Wow! There has been so much health information released lately and I'm trying to absorb it all and pass it on to my readers. I spend many hours watching the news and reading to keep updated on the latest because I realize that many of you can't devote that much time. I then try to break it down into manageable, understandable pieces. Being educated is one key to staying healthy.
That said, I have to share an unusual experience with you. I will try almost anything though I'm not quite up to bear Grylls' standards. While recruiting neighbors for a neighborhood cleanup project, I had the chance to get to know one of my neighbors better. The area I live in is very wooded and houses are far apart, making neighborly interaction a bit difficult. In our conversation, one topic led to another and after hearing that I write health related articles, he asked if I'd ever eaten raccoon. Though my father hunted and I've attended my share of wild life dinner banquets with him many years ago, I couldn't say I had. Being a very friendly man, he promised to bring me some the next time he and his wife cooked one.
Yesterday was the big day. My neighbor brought me a pot of what he called goulash but I'd call pot roast. I heated it up and tried it on my unsuspecting family. (Cameron was gone and has yet to participate in my experiment, but shhh, don't tell him!) Grace being fresh from swim practice and ravenous, dug in and immediately pronounced it delicious, quickly followed by Barry. I watched them, amused. "Do you even have a clue what you are eating?" I asked as Barry commented on the strange bone on his plate. He looked up. "Possum?"
"No, but you are close. It's raccoon." They ate on, undisturbed by this announcement. I, however, was having a bit of difficulty. I was somewhat surprised by my reaction since I've eaten other strange meats like squirrel, rattlesnake and alligator. I will not eat veal as I am opposed to the inhumane way it is raised. I guess that is a double standard since many farm animals like chickens are raised in horrific conditions. But I digress.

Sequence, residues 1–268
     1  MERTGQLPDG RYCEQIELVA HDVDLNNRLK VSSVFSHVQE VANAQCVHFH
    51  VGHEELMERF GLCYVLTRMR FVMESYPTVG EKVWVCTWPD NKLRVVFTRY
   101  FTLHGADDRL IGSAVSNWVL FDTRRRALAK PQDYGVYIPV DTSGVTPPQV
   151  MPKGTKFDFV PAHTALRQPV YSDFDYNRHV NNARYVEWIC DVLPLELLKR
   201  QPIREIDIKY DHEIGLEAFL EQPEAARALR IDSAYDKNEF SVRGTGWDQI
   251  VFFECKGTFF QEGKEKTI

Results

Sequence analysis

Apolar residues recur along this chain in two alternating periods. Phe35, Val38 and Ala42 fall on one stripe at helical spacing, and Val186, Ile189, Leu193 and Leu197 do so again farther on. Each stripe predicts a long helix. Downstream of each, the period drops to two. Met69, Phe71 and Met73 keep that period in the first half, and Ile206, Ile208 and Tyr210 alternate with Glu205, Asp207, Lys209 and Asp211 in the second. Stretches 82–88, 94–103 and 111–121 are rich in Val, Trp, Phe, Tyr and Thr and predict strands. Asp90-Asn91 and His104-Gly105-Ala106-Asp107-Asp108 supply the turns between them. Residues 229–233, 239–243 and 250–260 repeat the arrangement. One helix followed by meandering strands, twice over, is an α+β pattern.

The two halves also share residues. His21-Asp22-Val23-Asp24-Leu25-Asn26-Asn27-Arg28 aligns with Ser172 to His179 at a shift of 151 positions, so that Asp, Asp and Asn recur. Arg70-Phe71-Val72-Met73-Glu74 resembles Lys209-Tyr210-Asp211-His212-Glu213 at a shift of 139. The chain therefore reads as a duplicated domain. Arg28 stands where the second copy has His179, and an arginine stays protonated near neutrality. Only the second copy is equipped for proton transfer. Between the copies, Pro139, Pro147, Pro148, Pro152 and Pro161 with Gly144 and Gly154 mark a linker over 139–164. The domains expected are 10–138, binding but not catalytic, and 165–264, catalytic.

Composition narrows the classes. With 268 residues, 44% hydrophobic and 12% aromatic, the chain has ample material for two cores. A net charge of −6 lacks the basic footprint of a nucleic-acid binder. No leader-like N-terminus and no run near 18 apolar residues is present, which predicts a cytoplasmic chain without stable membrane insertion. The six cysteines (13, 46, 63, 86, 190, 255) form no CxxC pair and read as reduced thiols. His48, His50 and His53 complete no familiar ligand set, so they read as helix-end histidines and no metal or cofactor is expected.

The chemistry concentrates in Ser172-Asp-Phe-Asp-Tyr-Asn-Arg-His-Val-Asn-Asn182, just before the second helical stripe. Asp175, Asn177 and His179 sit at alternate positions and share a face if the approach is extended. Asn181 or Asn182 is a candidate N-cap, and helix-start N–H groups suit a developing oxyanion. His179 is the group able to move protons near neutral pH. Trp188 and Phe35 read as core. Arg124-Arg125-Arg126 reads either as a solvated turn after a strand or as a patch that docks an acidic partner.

I finally did take a bite and it was good. No gamey or weird taste; close to beef but much better. I couldn't eat more than a few bites though. I love raccoons; their cute, inquisitive faces, their shuffling gait and ability to climb trees. I love cows too, especially milk cows with their large eyes and creamy coats. Maybe that's why I don't care for beef? Is it only a matter of time before I love chickens, fish and pigs? Time will tell.
Anyway, the moral of this story, (is there one?) is to keep an open mind and to try new foods. Don't insist that you don't like vegetables, try them prepared different ways. Don't say you don't like a certain texture, take a tiny bite. Don't turn your nose up at another culture's cuisine, try it before making a judgement. Look at food as part of life's adventure. That doesn't mean you have to eat meat if you are a vegetarian or something that truly turns your stomach, like insects. Life has many experiences to offer, don't shut yourself off from them.
Have a wonderful Easter weekend with your family and friends. And don't forget that Walk With A Doc is this Saturday at Joe Mac Campbell park, 9 a.m., starting at the playground. Help someone get started on that exercise path and bring them out.